United States District Court, D. Connecticut
DEBORAH MAHON, on behalf of herself and all others similarly situated
CHICAGO TITLE INS. CO.
RULING ON PLAINTIFF'S MOTION TO COMPEL [DOC.
#196] AND DEFENDANT'S MOTION FOR PROTECTIVE ORDER [DOC.
SARAH A. L. MERRIAM UNITED STATES MAGISTRATE JUDGE.
Deborah Mahon (“plaintiff”) has filed a Motion to
Compel seeking the production of a number of documents
withheld on the basis of privilege. [Doc. #196]. Plaintiff
also seeks to compel testimony regarding these documents. See
Id. Defendant Chicago Title Insurance Company
(“defendant”) has submitted opposition to
plaintiff's motion, and plaintiff has filed a reply.
[Docs. ##202, 203]. Defendant has filed a Motion for a
Protective Order, seeking protection from producing a witness
to testify about the documents in question pending resolution
of plaintiff's motion to compel. [Doc. #198]. Plaintiff
has filed a memorandum in opposition to defendant's
motion, and defendant has filed a reply. [Docs. ##204, 205].
For the reasons set forth herein, the Court
GRANTS plaintiff's Motion to Compel, and
DENIES as moot defendant's Motion for a
26(b)(1) of the Federal Rules of Civil Procedure sets forth
the scope and limitations of permissible discovery:
Parties may obtain discovery regarding any nonprivileged
matter that is relevant to any party's claim or defense
and proportional to the needs of the case, considering the
importance of the issues at stake in the action, the amount
in controversy, the parties' relative access to relevant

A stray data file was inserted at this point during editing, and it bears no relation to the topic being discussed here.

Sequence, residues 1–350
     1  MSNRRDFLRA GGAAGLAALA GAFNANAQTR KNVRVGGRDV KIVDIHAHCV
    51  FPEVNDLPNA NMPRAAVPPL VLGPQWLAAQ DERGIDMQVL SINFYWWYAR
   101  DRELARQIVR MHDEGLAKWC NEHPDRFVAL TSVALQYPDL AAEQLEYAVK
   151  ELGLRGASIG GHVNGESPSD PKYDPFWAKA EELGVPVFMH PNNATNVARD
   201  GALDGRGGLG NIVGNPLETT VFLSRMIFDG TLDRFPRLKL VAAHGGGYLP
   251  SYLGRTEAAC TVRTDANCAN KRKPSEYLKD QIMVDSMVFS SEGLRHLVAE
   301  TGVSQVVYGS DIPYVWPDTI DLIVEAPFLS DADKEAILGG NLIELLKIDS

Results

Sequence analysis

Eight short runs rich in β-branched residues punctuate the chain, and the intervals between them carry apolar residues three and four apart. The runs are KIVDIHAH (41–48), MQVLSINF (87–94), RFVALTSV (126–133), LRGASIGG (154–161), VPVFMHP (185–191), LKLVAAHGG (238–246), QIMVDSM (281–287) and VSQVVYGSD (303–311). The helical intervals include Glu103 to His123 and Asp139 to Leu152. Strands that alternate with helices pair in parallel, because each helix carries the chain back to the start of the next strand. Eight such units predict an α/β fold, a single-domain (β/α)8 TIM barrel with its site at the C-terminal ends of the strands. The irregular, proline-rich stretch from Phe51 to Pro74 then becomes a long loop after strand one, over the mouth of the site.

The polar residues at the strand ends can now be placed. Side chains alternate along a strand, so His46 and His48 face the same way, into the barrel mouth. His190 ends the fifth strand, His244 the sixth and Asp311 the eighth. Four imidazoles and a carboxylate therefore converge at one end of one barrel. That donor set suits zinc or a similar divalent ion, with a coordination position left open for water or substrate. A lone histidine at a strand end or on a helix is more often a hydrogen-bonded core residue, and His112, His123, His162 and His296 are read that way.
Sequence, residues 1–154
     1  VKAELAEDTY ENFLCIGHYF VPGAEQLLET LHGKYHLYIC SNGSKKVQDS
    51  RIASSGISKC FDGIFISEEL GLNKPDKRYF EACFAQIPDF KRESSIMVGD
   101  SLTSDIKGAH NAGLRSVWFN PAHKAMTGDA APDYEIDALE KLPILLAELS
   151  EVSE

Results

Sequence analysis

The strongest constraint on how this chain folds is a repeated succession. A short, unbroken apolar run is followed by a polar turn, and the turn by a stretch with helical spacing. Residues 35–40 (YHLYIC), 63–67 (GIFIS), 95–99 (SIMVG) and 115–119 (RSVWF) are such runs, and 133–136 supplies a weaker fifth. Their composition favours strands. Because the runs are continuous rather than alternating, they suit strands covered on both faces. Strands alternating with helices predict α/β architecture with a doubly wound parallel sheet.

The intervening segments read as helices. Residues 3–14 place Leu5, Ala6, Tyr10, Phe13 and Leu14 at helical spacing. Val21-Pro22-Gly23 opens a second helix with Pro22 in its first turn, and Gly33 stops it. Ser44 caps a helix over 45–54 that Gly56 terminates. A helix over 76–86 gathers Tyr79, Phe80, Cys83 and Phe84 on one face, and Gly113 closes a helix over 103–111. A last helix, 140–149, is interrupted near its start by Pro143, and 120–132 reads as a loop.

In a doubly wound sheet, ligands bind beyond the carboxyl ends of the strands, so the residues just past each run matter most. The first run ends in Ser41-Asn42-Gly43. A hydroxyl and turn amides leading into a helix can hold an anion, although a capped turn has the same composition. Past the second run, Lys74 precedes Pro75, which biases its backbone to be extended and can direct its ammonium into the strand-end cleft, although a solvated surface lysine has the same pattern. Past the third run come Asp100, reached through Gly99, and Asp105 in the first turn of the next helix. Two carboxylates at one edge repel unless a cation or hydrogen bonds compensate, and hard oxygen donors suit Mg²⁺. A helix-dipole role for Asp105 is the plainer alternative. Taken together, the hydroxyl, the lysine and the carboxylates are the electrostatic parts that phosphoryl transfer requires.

information, the parties' resources, the importance of
the discovery in resolving the issues, and whether the burden
or expense of the proposed discovery outweighs its likely
benefit. Information within this scope of discovery need not
be admissible in evidence to be discoverable.
Fed. R. Civ. P. 26(b)(1). “The party resisting
discovery bears the burden of showing why discovery should be
denied.” Cole v. Towers Perrin Forster &
Crosby, 256 F.R.D. 79, 80 (D. Conn. 2009). Nevertheless,
the advisory committee's notes to the recent amendment of
Rule 26 explain that
[a] party claiming that a request is important to resolve the
issues should be able to explain the ways in which the
underlying information bears on the issues as that party
understands them. The court's responsibility, using all
the information provided by the parties, is to consider these
and all the other factors in reaching a case-specific
determination of the appropriate scope of discovery.
Williams v. Rushmore Loan Mgmt. Servs., LLC, No.
3:15CV673(RNC), 2016 WL 4083598, at *4 (D. Conn. Feb. 16,
2016) (quoting Fed.R.Civ.P. 26 advisory committee's note
to 2015 amendment).
protective order may be issued by the Court pursuant to Rule
26(c) of the Federal Rules of Civil Procedure, which
provides, in relevant part: “The court may, for good
cause, issue an order to protect a party or person from
annoyance, embarrassment, oppression, or undue burden or
expense, including ... forbidding the disclosure or
discovery[.]” Fed.R.Civ.P. 26(c)(1)(A). “Rule
26(c) confers broad discretion on the trial court to decide
when a protective order is appropriate and what degree of
protection is required.” Seattle Times Co. v.
Rhinehart, 467 U.S. 20, 36 (1984). “Where the
discovery is relevant, the burden is upon the party seeking
non-disclosure or a protective order to show good
cause.” Dove v. Atl. Capital Corp., 963 F.2d
15, 19 (2d Cir. 1992).
Court assumes familiarity with the underlying facts of this
class action, which relate to title insurance refinance
rates. Accordingly, the Court will discuss only those facts
that are relevant to the disposition of the motions before
served her First Set of Interrogatories and Requests for
Production on September 10, 2009. See generally Doc. #197-3.
Request for Production No. 17 sought: “Any and all
documents constituting communication by, between or among
Defendants and/or any of their Affiliates or Agents on the
one hand and the Connecticut Insurance Department on the
other hand that discuss, mention or refer in any way to the
Refinance Rate.” Doc. #197-3 at 20. Defendant initially
objected to the request on the grounds that it pertained to
merits discovery. After commencement of discovery on the
merits of plaintiff's claims, defendant asserted